A Member conference is an informal conference, led by a Commission Member. They are often the first step to resolving a sexual harassment dispute.
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About Member conferences
After we receive an application to deal with a sexual harassment dispute and the responses from the other people involved, we may decide to hold a Member conference.
A Member conference is a conference held by a Commission Member. The Member will try to help the parties to resolve the sexual harassment dispute. Member conferences are informal. They must be conducted in private if the application is not only for a stop sexual harassment order.
A Member conference is a chance for the parties to hear each other’s perspectives and to identify and discuss issues in dispute. It can help discover where there is common ground and what steps might be taken to resolve the dispute.
The Member’s role is to try to resolve the dispute. They can do this through conciliation, mediation, making a recommendation to the parties or expressing an opinion.
The Member may make decisions about how the case is conducted, such as who can participate in the conference. They will also decide what is needed to help the people involved feel safe and supported. This could include keeping the parties separate using different in‑person or online meeting rooms. The Member will not usually decide the case in a Member conference.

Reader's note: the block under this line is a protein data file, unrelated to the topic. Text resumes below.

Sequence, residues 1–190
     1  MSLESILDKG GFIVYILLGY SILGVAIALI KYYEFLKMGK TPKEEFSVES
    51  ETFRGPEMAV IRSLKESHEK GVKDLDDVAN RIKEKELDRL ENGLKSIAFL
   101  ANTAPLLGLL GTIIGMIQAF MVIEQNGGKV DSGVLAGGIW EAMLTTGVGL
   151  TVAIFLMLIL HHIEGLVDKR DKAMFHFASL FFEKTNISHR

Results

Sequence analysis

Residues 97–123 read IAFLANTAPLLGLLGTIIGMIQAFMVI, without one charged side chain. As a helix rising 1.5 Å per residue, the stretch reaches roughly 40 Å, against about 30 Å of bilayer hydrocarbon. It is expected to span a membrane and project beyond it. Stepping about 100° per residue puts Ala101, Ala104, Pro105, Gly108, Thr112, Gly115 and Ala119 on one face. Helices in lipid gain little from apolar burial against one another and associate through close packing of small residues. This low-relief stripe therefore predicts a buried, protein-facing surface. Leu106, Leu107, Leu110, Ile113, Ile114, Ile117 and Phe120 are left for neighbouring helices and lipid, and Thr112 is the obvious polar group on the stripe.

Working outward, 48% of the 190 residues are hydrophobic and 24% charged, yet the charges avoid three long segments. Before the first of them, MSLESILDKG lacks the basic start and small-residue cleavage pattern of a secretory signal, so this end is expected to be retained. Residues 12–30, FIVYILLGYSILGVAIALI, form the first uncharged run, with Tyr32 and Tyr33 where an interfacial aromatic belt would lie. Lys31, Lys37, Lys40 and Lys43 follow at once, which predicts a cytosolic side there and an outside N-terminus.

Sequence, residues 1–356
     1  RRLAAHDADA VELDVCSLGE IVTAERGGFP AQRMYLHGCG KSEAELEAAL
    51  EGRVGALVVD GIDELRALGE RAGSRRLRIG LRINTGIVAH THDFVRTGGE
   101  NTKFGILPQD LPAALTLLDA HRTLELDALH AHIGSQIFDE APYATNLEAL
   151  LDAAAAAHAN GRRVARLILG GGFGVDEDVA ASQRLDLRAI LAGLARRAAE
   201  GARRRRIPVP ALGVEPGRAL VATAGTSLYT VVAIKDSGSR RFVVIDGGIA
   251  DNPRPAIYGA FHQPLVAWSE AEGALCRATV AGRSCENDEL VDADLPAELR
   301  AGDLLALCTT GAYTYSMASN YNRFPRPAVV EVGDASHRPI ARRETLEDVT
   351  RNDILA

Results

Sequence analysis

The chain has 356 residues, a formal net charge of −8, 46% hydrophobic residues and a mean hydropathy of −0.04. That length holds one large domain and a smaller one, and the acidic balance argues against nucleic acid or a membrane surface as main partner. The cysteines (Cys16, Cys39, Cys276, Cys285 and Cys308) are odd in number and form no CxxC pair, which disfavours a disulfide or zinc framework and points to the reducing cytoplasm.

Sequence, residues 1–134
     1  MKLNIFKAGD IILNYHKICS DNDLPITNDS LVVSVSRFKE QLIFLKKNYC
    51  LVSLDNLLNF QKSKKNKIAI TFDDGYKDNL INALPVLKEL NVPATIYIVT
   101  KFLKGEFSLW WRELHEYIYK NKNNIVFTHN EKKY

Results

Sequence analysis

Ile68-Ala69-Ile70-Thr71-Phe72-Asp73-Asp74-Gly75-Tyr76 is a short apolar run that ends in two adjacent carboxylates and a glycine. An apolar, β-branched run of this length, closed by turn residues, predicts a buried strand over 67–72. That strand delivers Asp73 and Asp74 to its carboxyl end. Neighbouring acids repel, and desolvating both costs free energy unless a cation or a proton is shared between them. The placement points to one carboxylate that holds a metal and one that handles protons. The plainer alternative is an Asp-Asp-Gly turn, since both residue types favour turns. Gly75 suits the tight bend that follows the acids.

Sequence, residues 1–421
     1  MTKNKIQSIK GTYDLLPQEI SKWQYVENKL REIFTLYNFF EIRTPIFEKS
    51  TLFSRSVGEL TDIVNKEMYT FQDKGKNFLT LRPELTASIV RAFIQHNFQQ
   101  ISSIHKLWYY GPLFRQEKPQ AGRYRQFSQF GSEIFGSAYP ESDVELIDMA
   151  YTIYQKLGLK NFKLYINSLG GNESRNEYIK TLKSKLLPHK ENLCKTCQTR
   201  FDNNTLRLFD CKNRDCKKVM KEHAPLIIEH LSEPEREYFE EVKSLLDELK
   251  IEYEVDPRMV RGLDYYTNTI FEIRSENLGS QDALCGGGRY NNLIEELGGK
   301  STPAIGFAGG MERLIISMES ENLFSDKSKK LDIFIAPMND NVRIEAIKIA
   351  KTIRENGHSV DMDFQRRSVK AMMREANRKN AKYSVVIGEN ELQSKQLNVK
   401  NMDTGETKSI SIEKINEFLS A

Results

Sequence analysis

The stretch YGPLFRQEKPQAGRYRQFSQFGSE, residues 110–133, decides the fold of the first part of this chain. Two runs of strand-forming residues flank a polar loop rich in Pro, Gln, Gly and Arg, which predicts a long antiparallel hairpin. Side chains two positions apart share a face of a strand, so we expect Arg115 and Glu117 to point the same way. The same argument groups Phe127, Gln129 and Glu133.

A Member conference is a good way to resolve a case.
- provides an informal and private way to deal with a sexual harassment dispute
- can help maintain working relationships
- can be quicker than a determinative conference or hearing
- helps the people involved feel more in control
- if it resolves the case, can avoid the need for further legal processes such as a formal hearing and decision.
When we hold a Member conference
If we decide to hold a Member conference, we will tell these people the date and time of the conference:
- each applicant, union or employer organisation that has applied to us
- each respondent to the application
- the applicant’s employer or principal (if any)
- each employer or principal of a respondent to the application
- any lawyer, paid agent or other representative of a person involved in the case.
You can ask us to change the time or date of a Member conference by contacting us in writing. You should ask us as early as possible before the scheduled date. The contact details will be on the notice we send you.
You need an important reason to change (adjourn) the conference to a different day or time. You must send a copy of your request to the other people in the case. If your request contains sensitive personal information, contact us about keeping a case confidential before you send it.
We may not agree to change the time or date. If we do not, you will still need to attend the conference.
What happens in a Member conference
A Commission Member will manage the conference and will help the people involved in the dispute try to resolve the issues together.
The Member is independent. They will review the documents in the case and may make decisions about how to run the conference. This can include where and when the conference will be, whether it is online or in person, or whether a person can have a legal representative.
During a Member conference, they may express an opinion or make a recommendation to resolve the dispute.
Member conferences can be different, but usually work like this:
- The Member explains their role and how the conference will run.
- Each party explains their perspective, which might include:
- what happened
- how they think the case could be resolved.